Why Have Separate Environmental Taxes?
In: Tax Policy and the Economy, Volume 10
Each environmental tax in the U.S. is designed to collect revenue for a trust fund used to clean up a particular pollution problem. Each might be intended to collect from a particular industry thought to be responsible for that pollution problem, but none represents a good example of an incentive-based tax designed to discourage the polluting activity itself. A different tax for each trust fund means that each tax rate is typically less than one percent. But each separate tax has an extra cost of administration and compliance, since taxpayers must read another set of rules and fill out another set of forms. This paper provides evidence on compliance costs that are high relative to the small revenue from each separate tax. In addition, an input-output model is used to show how current U.S. environmental tax burdens are passed from taxed industries to all other industries. Thus the extra cost incurred to administer each separate tax achieves neither targeted incentives not targeted burdens.
(This abstract was borrowed from another version of this item.)
|This chapter was published in: ||This item is provided by National Bureau of Economic Research, Inc in its series NBER Chapters with number
10898.||Handle:|| RePEc:nbr:nberch:10898||Contact details of provider:|| Postal: |
Web page: http://www.nber.org
More information through EDIRC
References listed on IDEAS
Please report citation or reference errors to , or , if you are the registered author of the cited work, log in to your RePEc Author Service profile, click on "citations" and make appropriate adjustments.:
- Baumol,William J. & Oates,Wallace E., 1988. "The Theory of Environmental Policy," Cambridge Books, Cambridge University Press, number 9780521322249, October.
- Laurence J. Kotlikoff & Lawrence H. Summers, 1986.
NBER Working Papers
1864, National Bureau of Economic Research, Inc.
- Fullerton Don & Kinnaman Thomas C., 1995.
"Garbage, Recycling, and Illicit Burning or Dumping,"
Journal of Environmental Economics and Management,
Elsevier, vol. 29(1), pages 78-91, July.
- Don Fullerton & Thomas C. Kinnaman, 1993. "Garbage, Recycling, and Illicit Burning or Dumping," NBER Working Papers 4374, National Bureau of Economic Research, Inc.
- Douglas W. McNiel & Andrew W. Foshee, 1988. "Superfund Financing Alternatives," Review of Policy Research, Policy Studies Organization, vol. 7(4), pages 751-760, 06.
- Shoven, John B & Whalley, John, 1984. "Applied General-Equilibrium Models of Taxation and International Trade: An Introduction and Survey," Journal of Economic Literature, American Economic Association, vol. 22(3), pages 1007-51, September.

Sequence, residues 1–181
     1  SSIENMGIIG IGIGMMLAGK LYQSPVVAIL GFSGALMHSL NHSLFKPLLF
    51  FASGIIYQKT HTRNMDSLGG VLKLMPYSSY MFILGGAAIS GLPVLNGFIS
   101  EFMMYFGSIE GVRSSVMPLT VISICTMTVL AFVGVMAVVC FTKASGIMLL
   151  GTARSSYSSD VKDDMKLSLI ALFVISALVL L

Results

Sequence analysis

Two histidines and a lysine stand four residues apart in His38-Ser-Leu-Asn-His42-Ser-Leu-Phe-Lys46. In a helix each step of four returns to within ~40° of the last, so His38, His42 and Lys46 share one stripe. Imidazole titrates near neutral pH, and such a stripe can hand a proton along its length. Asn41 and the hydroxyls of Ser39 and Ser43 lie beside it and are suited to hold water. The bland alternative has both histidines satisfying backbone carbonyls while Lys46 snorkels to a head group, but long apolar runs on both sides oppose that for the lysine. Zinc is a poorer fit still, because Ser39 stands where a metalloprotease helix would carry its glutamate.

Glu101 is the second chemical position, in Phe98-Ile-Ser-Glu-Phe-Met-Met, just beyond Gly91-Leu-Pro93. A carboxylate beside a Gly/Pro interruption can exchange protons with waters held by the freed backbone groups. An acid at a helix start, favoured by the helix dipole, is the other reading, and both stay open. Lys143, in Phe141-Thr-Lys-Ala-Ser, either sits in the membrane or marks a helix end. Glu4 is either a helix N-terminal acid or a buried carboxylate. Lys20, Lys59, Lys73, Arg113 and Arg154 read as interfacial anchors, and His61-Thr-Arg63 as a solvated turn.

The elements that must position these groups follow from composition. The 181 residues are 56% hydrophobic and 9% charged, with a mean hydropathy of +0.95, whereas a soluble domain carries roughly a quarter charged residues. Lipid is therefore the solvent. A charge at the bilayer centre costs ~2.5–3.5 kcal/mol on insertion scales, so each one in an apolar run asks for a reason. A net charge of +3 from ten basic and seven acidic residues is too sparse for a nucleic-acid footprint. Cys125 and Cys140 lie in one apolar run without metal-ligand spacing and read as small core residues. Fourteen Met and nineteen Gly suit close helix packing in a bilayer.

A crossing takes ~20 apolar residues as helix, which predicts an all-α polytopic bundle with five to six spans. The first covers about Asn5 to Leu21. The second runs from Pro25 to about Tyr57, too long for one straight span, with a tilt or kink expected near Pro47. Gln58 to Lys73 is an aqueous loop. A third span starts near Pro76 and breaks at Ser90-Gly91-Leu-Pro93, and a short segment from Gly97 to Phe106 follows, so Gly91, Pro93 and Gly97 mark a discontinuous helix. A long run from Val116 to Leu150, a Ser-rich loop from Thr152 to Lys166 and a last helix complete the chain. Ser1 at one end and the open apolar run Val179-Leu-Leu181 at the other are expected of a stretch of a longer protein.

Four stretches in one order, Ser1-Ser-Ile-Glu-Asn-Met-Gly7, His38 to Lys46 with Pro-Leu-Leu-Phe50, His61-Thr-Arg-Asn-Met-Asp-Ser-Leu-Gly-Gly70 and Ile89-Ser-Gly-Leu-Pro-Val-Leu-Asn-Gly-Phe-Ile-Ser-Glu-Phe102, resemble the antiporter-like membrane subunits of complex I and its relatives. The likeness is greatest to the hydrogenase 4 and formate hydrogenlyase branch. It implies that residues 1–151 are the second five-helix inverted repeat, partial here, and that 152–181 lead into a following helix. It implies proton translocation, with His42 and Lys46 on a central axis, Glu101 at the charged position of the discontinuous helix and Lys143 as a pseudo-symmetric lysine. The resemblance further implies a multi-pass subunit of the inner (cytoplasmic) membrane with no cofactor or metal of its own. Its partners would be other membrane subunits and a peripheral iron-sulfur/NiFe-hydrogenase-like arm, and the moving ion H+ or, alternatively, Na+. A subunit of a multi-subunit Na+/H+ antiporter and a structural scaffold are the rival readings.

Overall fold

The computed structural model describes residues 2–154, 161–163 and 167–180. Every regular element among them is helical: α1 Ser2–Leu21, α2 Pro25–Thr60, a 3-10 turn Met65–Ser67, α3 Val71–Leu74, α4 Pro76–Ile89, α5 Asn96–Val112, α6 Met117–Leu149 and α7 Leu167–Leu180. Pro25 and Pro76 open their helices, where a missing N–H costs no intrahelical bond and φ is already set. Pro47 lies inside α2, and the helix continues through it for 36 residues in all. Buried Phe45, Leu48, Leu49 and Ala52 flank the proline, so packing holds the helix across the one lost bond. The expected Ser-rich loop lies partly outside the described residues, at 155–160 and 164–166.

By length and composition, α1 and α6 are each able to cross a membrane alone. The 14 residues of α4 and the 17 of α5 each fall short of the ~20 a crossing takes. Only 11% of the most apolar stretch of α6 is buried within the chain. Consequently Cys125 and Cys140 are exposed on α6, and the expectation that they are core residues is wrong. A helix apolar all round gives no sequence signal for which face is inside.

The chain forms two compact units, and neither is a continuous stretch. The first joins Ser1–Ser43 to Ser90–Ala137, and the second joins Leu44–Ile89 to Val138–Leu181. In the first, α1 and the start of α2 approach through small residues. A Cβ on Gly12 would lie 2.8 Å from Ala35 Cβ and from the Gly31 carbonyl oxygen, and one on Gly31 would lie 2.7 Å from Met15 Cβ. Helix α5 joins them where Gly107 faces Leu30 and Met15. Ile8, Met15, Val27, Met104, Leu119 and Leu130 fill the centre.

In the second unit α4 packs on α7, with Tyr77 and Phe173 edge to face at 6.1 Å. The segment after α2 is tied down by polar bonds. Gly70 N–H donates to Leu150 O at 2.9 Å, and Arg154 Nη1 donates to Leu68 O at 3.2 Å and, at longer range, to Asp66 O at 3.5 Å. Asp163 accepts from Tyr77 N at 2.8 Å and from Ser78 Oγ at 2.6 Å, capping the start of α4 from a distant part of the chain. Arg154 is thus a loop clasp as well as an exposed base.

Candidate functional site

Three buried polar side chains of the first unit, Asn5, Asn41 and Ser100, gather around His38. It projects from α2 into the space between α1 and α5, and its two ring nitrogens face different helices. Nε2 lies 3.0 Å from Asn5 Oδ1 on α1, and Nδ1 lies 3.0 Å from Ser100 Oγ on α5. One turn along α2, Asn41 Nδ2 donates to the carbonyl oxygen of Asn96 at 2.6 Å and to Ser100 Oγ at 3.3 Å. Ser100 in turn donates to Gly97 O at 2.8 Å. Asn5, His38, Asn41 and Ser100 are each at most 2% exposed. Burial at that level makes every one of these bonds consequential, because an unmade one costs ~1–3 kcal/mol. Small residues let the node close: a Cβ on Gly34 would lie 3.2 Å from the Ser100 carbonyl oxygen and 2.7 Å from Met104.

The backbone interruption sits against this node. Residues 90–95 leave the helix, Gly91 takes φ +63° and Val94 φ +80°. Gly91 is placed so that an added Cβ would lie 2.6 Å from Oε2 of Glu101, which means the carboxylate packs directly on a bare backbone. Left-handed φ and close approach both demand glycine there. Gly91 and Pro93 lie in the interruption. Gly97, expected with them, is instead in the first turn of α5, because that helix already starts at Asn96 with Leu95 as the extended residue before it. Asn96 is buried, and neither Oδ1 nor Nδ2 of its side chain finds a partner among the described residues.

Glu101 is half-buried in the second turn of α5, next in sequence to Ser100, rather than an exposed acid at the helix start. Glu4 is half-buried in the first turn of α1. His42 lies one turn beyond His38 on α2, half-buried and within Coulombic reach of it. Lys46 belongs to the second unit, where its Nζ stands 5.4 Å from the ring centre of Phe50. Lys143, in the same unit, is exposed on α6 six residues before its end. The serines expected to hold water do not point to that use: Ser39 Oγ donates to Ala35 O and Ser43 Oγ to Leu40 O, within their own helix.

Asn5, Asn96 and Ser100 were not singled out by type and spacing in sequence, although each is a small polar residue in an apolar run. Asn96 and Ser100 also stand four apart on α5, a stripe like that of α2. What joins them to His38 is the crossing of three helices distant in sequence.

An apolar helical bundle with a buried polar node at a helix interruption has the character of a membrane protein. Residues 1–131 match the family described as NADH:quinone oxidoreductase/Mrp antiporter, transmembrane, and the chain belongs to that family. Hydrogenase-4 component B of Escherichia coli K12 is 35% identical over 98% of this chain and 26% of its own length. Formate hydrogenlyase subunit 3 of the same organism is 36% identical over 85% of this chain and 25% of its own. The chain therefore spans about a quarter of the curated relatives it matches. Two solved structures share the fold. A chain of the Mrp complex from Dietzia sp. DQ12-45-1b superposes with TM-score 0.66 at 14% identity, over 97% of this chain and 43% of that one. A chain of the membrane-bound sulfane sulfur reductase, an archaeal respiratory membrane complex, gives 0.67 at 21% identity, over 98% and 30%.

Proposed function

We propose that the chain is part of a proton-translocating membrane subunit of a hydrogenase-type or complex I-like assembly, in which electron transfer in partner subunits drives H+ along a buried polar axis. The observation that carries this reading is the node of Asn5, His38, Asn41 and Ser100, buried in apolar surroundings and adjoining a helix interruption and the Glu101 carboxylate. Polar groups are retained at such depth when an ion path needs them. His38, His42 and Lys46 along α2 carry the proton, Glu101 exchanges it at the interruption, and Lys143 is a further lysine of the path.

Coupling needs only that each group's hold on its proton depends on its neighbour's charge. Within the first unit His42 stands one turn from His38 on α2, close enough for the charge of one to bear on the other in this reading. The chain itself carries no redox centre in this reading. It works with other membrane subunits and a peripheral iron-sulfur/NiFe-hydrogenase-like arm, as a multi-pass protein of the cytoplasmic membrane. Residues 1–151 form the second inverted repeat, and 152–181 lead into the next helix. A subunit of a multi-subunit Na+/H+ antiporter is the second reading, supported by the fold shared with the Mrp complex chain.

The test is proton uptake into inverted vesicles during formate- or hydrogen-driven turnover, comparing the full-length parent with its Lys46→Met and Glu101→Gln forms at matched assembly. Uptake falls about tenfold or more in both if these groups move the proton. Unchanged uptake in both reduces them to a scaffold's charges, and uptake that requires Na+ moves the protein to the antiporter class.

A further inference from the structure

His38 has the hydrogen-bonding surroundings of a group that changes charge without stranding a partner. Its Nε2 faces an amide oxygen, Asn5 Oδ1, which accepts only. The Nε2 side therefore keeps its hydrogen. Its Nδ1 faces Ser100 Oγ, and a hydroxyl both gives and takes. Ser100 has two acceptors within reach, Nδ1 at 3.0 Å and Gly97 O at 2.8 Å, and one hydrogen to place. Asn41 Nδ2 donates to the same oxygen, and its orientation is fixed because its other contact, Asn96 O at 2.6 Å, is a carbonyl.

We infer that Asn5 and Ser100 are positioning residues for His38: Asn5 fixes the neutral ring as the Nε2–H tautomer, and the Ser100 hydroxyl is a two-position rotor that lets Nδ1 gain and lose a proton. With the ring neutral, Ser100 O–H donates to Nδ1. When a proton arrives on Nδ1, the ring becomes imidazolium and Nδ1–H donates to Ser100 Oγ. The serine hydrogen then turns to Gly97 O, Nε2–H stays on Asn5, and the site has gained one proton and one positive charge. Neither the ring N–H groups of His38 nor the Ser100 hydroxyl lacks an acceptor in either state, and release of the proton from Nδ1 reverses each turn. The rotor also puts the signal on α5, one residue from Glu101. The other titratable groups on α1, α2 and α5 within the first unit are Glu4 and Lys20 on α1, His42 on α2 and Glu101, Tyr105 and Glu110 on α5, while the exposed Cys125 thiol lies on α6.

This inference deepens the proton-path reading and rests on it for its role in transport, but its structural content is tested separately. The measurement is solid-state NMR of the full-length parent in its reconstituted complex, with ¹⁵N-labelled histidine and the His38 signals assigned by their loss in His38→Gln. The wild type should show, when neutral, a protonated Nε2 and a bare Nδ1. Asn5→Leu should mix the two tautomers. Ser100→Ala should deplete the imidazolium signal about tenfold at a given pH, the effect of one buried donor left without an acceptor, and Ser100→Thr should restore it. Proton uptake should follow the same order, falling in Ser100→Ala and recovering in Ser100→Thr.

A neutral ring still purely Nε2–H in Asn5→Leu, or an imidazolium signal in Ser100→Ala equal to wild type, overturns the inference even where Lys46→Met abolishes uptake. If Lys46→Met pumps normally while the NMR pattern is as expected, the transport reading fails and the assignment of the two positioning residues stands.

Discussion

- James Poterba & Julio Rotemberg, 1995. "Environmental taxes on intermediate and final goods when both can be imported," International Tax and Public Finance, Springer, vol. 2(2), pages 221-228, August.
- Baumol,William J. & Oates,Wallace E., 1988. "The Theory of Environmental Policy," Cambridge Books, Cambridge University Press, number 9780521311120, October.
- Thomas A. Barthold, 1994. "Issues in the Design of Environmental Excise Taxes," Journal of Economic Perspectives, American Economic Association, vol. 8(1), pages 133-151, Winter.
- Don Fullerton & Seng-Su Tsang, 1993. "Environmental Costs Paid by the Polluter or the Beneficiary? The Case of CERCLA and Superfund," NBER Working Papers 4418, National Bureau of Economic Research, Inc.
- Michael L. Katz & Harvey S. Rosen, 1983. "Tax Analysis in an Oligopoly Model," NBER Working Papers 1088, National Bureau of Economic Research, Inc.
- Bohm, Peter & Russell, Clifford S., 1985. "Comparative analysis of alternative policy instruments," Handbook of Natural Resource and Energy Economics, in: A. V. Kneese† & J. L. Sweeney (ed.), Handbook of Natural Resource and Energy Economics, edition 1, volume 1, chapter 10, pages 395-460 Elsevier.
- Joel Slemrod & Nikki Sorum, 1984. "The Compliance Cost of the U.S. Individual Income Tax System," NBER Working Papers 1401, National Bureau of Economic Research, Inc.
When requesting a correction, please mention this item's handle: RePEc:nbr:nberch:10898. See general information about how to correct material in RePEc.
For technical questions regarding this item, or to correct its authors, title, abstract, bibliographic or download information, contact: ()
If references are entirely missing, you can add them using this form.